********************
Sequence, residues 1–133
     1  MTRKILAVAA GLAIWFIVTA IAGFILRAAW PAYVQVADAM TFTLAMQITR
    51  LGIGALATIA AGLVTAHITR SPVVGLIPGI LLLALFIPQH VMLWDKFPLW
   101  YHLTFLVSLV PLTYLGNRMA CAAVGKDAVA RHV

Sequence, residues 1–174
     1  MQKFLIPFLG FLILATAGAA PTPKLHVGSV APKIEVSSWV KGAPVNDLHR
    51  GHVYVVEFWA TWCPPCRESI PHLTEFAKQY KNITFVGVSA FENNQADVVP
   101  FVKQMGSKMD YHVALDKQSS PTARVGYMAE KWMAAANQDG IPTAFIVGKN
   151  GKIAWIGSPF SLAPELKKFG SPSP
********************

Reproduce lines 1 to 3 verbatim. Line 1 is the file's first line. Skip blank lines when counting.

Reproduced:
Sequence, residues 1–133
     1  MTRKILAVAA GLAIWFIVTA IAGFILRAAW PAYVQVADAM TFTLAMQITR
    51  LGIGALATIA AGLVTAHITR SPVVGLIPGI LLLALFIPQH VMLWDKFPLW